As organizations accumulate more and more data, administrators often find that having a single file server does...
not meet their needs. Although adding additional file servers or even network-attached storage (NAS) devices is certainly an option, doing so introduces a degree of complexity into the organization because users' files are no longer being hosted in one single location.
In the past, an administrator had to keep track of which file resources were on which servers, and redirect users accordingly. This was confusing for both users and admins, especially when file resources had to be moved from one server to another to make up for disk space or other server resource shortages.
In Windows 2000 Server, Microsoft introduced a feature called the Distributed File System (DFS). This feature, which is also present in Windows Server 2003 and 2008, allows an administrator to virtualize the file system so the physical location of a user's files no longer matters. DFS creates a consolidated view of folders, even if those folders are spread across multiple file servers. Users access this consolidated view through a DFS root, which gives the illusion of being a normal share on a file server.
This form of file system virtualization is intended to help reduce confusion by presenting users with a unified view of the file systems of multiple file servers. Despite this, users still may not understand why they have to get to their files in a new way, or why they can suddenly see a bunch of files and folders that did not previously exist.
With those types of issues in mind, Microsoft has incorporated a few changes in Windows Server 2008 that make the file system virtualization process a bit less confusing for end users. Of these new features, the most helpful is Access-based Enumeration.
The basic idea behind Access-based Enumeration is that users are only allowed to see the files and folders they have access to. In previous versions of Windows Server, users accessing a virtualized file system through a DFS root could see the entire file structure, even if they didn't have permission to actually open all of the files and folders.
One thing to keep in mind about Access-based Enumeration is that it is not enabled by default (although it is enabled by default for newly created shares in Windows Server 2008). There are a couple of reasons for this. First, it makes the Windows Server 2008 DFS experience consistent with what users had when the DFS root was hosted on earlier versions of Windows Server.
A more important reason why Access-based Enumeration is not enabled by default, however, is that it's not compatible with earlier versions of Windows Server. If you want to use Access-based Enumeration, you must either be using a standalone DFS namespace that's hosted on a server running Windows 2008, or a domain based namespace that is running in Windows Server 2008 mode.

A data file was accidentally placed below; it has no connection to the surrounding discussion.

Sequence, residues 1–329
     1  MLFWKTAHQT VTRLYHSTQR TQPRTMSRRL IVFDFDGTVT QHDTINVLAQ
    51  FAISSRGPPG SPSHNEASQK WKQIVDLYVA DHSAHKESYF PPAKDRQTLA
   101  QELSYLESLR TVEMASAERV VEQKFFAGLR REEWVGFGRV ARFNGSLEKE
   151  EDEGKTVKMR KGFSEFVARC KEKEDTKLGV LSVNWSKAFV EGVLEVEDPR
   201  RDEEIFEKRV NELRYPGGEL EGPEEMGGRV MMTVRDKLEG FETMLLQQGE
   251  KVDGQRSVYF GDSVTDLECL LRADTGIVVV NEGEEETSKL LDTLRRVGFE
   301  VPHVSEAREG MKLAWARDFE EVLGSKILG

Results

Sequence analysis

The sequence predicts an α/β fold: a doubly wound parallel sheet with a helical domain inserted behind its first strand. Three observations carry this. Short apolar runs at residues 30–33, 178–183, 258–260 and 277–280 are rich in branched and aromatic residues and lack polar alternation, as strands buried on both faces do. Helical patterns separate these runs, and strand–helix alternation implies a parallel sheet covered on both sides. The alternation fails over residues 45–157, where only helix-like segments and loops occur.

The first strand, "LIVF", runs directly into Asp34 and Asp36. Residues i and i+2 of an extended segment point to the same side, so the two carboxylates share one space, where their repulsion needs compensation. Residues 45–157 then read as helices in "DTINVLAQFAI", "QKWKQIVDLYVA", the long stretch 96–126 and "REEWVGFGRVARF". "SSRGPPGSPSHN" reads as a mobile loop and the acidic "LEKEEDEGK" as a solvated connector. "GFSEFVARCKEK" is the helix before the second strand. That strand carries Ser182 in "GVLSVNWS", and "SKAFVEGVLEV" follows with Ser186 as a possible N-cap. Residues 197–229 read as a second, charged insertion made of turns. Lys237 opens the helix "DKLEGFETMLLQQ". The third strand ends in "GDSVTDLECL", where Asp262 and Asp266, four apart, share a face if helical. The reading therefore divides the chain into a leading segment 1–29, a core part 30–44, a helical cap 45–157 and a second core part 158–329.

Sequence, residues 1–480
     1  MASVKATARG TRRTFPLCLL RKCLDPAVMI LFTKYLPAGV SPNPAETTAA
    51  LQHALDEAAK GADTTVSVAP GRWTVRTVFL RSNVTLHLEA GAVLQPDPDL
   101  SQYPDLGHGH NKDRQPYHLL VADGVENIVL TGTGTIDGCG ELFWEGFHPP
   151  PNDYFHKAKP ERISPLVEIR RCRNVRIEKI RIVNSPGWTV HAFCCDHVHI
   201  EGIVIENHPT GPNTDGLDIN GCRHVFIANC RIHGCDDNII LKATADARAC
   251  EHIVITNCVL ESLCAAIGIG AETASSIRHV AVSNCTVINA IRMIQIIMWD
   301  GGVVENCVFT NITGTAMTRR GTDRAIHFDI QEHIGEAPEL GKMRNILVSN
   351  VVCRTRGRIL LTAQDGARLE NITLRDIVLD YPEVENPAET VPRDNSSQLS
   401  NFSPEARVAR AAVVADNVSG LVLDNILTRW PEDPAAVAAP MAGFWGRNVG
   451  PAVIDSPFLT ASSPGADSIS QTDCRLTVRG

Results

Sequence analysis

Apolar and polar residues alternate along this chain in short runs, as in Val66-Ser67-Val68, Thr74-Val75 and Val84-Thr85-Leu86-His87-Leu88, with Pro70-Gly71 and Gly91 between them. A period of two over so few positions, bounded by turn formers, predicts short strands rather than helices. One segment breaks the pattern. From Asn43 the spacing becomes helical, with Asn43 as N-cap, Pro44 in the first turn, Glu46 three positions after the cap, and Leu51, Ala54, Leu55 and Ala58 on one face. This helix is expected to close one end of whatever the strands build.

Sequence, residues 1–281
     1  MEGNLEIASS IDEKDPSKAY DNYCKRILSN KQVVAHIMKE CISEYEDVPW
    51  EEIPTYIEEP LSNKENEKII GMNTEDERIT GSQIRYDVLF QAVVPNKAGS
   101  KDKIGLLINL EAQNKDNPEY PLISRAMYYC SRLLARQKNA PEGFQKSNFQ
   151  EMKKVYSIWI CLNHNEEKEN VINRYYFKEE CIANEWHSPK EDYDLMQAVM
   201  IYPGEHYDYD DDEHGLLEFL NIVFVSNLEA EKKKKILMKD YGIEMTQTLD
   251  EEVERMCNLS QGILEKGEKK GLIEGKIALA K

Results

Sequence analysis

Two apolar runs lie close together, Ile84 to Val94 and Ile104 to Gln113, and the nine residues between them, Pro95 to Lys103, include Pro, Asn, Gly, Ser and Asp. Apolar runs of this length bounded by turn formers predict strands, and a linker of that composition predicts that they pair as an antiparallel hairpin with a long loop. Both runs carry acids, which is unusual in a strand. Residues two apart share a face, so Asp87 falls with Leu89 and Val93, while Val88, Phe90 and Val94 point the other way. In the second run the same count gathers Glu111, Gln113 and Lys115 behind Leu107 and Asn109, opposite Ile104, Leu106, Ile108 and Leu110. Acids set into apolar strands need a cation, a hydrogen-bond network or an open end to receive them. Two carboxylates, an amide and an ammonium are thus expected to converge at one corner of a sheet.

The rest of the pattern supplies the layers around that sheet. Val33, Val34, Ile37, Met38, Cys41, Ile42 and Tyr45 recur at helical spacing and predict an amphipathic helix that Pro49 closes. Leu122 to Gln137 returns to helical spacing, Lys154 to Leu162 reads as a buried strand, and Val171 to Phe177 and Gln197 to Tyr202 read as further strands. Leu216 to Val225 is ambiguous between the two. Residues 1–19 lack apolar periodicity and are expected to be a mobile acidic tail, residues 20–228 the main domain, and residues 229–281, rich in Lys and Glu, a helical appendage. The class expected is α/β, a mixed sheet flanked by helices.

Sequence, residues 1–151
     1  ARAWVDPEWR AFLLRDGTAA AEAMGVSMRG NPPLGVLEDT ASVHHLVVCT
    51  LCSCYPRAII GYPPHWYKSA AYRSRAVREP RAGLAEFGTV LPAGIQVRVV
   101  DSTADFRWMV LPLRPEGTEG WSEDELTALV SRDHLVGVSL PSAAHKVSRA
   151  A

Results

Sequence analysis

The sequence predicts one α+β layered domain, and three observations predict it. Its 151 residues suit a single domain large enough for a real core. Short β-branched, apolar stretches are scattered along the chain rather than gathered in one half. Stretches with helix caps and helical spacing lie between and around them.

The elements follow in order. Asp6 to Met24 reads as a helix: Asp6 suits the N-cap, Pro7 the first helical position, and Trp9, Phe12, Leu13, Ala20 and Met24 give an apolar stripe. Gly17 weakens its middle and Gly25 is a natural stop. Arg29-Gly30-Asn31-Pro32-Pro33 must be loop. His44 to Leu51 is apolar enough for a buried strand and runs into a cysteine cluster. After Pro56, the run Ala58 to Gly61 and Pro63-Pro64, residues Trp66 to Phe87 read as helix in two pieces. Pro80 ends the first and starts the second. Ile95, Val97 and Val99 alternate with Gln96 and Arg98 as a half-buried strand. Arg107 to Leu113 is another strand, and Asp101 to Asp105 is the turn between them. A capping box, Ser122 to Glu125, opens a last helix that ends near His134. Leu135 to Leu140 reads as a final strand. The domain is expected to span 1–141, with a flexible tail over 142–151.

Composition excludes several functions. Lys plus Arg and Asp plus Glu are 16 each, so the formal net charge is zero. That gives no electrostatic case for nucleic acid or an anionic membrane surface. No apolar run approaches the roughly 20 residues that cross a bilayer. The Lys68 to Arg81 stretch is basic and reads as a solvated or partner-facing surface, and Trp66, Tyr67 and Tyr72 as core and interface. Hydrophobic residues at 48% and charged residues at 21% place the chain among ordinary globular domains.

In case you have never heard of Windows Server 2008 mode, it is a new functional level offered by the Windows 2008 version of DFS. Setting Windows to use the Windows Server 2008 mode domain-based namespaces does two things:
- Allows you to use Access-based Enumeration.
- Increases the namespace's scalability.
DFS roots that are running the standard namespace mode (which is now called Windows 2000 Server mode) are limited to hosting about 5000 folders with targets. This is due to an Active Directory limitation found in older versions of Windows Server, which only allows a namespace directory object to grow to 5 MB. DFS roots running in Windows Server 2008 mode are not subject to this limitation. To the best of my knowledge, Microsoft has not released any information about what DFS is now capable of scaling to.
The requirements for using Windows Server 2008 mode are fairly straightforward. The domain must be set to use the Windows Server 2008 domain functional level, and all of your DFS namespace servers must be running Windows Server 2008.
Once you begin using Windows Server 2008 mode, you will have to manually implement Access-based Enumeration. You can do so by entering the following command:
DFSUTIL property abde enable \\<namespace_root>
You will also have to set the appropriate security permissions on each of the DFS folders, which you can do by using this command:
DFSUTIL property ACL grant \\<namespace_root>\<folder><username>:<permission>
Although implementing Access-based Enumeration is somewhat straightforward, it can be a bit complicated once you have DFS in place. Fortunately, Microsoft provides some really good resources that walk you through the process, including a basic overview of DFS in Windows 2008 and details Windows Server 2008 mode.
ABOUT THE AUTHOR
Brien M. Posey, MCSE, has received Microsoft's Most Valuable Professional Award four times for his work with Windows Server, IIS and Exchange Server. He has served as CIO for a nationwide chain of hospitals and healthcare facilities, and was once a network administrator for Fort Knox. You can visit his personal Web site at www.brienposey.com.